`ZicoSeq`

is a linear model and permutation-based method
for dfferential abundance analysis of zero-inflated compositional
sequencing data such as microbiome sequencing data. It has the following
components:

- Winsorization to decrease the influence of outliers;
- Posterior sampling based on a beta mixture prior to address sampling variability and zero inflation;
- Reference-based multiple-stage normalization to address compositional effects;
- An omnibus test to address diverse feature-covariate relationships;
- Permutation-based false discovery rate control / family-wise error rate control for multiple testing correction, which takes into account the correlation structure in the feature data.

Currently `ZicoSeq`

supports:

**count data**or**proportion data**. For both count and proportion data, a reference-based ratio approach is used to account for compositional effects. When a count matrix is provided, it provides an option to draw posterior samples of the underlying proportions to account for the sampling variability during the sequencing process. The test results are aggregated over these posterior samples.**other data types**. As a general methodology,`ZicoSeq`

can be used to differential analysis of other high-dimensional datasets such as transcriptomics, epigenomics, metabolomics, and proteomics data.

Install the package.

Load the package.

`ZicoSeq`

This example data set contains the OTU count data from the throat
microbiome of the left body side, which is available in
`GUniFrac`

package. It contains 60 subjects consisting of 32
nonsmokers and 28 smokers (Charlson,
Emily S., et al., 2010).. In this example, we will identify
smoking-associated OTUs while adjusting the sex since sex is a potential
confounder (we see more males in smokers).

`ZicoSeq`

function```
ZicoSeq.obj <- ZicoSeq(meta.dat = meta.dat, feature.dat = comm,
grp.name = 'SmokingStatus', adj.name = 'Sex', feature.dat.type = "count",
# Filter to remove rare taxa
prev.filter = 0.2, mean.abund.filter = 0,
max.abund.filter = 0.002, min.prop = 0,
# Winsorization to replace outliers
is.winsor = TRUE, outlier.pct = 0.03, winsor.end = 'top',
# Posterior sampling
is.post.sample = TRUE, post.sample.no = 25,
# Use the square-root transformation
link.func = list(function (x) x^0.5), stats.combine.func = max,
# Permutation-based multiple testing correction
perm.no = 99, strata = NULL,
# Reference-based multiple stage normalization
ref.pct = 0.5, stage.no = 6, excl.pct = 0.2,
# Family-wise error rate control
is.fwer = TRUE, verbose = TRUE, return.feature.dat = TRUE)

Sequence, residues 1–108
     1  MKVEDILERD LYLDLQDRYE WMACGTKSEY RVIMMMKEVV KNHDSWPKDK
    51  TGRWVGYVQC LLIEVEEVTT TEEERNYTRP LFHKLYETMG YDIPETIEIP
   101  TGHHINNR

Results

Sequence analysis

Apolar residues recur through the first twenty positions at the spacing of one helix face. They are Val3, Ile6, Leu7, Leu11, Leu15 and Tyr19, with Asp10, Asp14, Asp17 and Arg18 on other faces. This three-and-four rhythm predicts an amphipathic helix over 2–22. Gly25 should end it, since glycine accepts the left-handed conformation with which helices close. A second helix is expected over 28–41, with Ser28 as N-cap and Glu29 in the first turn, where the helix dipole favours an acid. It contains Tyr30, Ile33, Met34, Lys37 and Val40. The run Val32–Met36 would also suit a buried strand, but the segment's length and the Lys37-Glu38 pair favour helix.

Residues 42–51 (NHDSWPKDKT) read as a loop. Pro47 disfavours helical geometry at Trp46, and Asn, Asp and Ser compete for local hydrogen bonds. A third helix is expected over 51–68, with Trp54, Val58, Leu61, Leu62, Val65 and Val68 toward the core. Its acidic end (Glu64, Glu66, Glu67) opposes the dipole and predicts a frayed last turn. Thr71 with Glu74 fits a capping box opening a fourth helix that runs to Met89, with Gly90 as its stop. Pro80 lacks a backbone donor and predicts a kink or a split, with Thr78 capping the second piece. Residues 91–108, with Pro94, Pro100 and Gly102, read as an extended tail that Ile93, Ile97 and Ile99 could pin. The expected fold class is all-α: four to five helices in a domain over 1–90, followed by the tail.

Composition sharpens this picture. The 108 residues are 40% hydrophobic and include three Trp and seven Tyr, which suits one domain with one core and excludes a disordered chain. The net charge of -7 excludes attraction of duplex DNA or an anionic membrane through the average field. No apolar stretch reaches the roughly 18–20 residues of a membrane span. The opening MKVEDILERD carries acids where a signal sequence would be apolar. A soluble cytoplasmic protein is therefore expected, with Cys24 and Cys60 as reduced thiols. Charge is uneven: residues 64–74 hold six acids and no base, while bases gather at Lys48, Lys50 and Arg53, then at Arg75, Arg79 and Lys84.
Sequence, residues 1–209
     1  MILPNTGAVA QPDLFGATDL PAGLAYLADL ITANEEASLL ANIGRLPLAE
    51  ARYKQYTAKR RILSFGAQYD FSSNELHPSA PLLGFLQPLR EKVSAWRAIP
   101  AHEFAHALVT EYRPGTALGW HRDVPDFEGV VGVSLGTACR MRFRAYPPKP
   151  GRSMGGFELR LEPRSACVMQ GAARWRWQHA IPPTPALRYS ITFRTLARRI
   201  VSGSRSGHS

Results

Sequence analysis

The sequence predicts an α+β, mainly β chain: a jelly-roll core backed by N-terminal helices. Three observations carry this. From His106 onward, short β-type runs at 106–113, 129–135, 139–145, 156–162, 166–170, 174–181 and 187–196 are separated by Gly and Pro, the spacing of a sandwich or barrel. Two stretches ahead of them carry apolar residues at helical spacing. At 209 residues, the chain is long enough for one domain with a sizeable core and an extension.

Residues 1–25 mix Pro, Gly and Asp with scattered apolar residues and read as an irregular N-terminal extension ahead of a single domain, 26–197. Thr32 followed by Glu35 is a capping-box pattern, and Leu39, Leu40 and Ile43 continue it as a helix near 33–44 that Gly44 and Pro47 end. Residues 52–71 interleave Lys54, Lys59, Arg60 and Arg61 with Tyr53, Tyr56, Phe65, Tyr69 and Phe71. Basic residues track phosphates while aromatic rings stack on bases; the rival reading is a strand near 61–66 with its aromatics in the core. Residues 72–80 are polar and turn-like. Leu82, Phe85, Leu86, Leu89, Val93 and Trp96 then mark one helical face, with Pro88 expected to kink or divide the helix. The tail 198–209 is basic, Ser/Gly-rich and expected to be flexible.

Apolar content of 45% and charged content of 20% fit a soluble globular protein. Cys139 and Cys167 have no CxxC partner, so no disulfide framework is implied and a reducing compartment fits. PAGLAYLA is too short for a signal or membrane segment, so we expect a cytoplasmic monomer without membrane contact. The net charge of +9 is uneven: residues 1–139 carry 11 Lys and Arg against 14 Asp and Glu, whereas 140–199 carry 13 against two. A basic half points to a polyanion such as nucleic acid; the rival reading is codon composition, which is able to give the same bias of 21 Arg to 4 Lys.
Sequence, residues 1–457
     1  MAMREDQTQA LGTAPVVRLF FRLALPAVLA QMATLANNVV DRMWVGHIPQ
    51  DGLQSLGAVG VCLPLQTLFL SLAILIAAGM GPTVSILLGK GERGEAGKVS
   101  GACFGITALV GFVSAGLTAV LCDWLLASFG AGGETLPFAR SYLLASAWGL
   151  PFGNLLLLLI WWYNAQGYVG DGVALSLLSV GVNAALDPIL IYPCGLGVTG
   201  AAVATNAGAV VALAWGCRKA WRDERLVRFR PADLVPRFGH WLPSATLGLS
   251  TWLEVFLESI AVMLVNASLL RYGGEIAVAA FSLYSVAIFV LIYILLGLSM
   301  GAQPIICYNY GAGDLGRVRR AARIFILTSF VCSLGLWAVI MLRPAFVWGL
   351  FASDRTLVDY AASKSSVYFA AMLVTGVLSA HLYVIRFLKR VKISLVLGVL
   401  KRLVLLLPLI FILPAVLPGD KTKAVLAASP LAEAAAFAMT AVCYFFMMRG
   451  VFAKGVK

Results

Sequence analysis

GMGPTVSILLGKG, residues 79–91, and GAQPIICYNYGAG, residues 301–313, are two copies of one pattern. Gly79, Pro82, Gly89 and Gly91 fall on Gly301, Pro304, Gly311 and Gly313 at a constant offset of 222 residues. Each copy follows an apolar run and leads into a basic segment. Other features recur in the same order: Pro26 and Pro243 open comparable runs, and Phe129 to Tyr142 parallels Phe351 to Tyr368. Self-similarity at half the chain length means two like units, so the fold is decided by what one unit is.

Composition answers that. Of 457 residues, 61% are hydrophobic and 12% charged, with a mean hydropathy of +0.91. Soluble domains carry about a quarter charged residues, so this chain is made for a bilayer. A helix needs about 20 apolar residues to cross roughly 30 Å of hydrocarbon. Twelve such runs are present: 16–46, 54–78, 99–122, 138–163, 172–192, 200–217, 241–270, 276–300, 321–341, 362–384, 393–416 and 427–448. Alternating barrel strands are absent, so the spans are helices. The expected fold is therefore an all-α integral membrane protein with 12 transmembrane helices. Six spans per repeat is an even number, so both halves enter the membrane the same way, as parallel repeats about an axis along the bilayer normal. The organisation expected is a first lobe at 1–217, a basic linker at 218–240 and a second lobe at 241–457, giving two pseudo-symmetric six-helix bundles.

```

`ZicoSeq`

Microbiome data may contain outliers with extremely large counts.
These outliers could reduce the statistical power, or more seriously
increase the type I error rate. In `ZicoSeq`

, we use
winsorization to replace those extremely large counts with a certain
quantile (e.g. 97%). We recommend always setting
`is.winsor = TRUE`

for real data analysis. The specific
quantile used depends on the expected proportion of outliers.

Posterior sampling can be enabled by setting
`is.post.sample = TRUE`

. It can only be used when the data
type is “count”. For microbiome data, the majority of the taxa are rare,
resulting in a large number of zeros in the data given a limited
sequencing depth. As the probability of zero strongly depends on the
sequencing depth, zeros from different samples are not comparable. In
`ZicoSeq`

, we provide a method to infer/impute the underlying
true proportions using an empirical Bayes approach by pooling
information across samples. The imputed proportions depend on both the
sequencing depth and the estimated (prior) distribution of the
proportions across samples. To better model the prior distribution, we
used beta mixtures instead a single-component beta distribution.
**Posterior sampling effectively reduces the type I error when the
sequencing depth is associated with the covariate of interest
(e.g. cases and controls differ in sequencing depth) and is more
powerful than rarefaction.** When the sequencing depth is not a
confounding factor, `is.post.sample`

slightly improves the
power and could be disabled for analyzing large datasets.

The relationship between the taxa abundance and the covariate of
interest may vary across taxa, a single transformation function may not
be powerful enough to capture diverse relationships.
`ZicoSeq`

allows specifying multiple possible transformation
functions (* link.func*) and performs omnibus
testing. Although the log transformation is commonly used for microbiome
due to its interpretability, we found that power transformations may be
more powerful. The default is the square-root transformation.

`ZicoSeq`

uses a reference-based approach to address
compositional effects. The default uses 30% of the least
variable/significant taxa as the reference. It starts with selecting 50%
of the least variable taxa as the reference and differential abundance
testing is then run multiple times excluding 20% taxa with the smallest
p-values in each iteration. This procedure is to make sure the remaining
30% are more likely to be non-differential.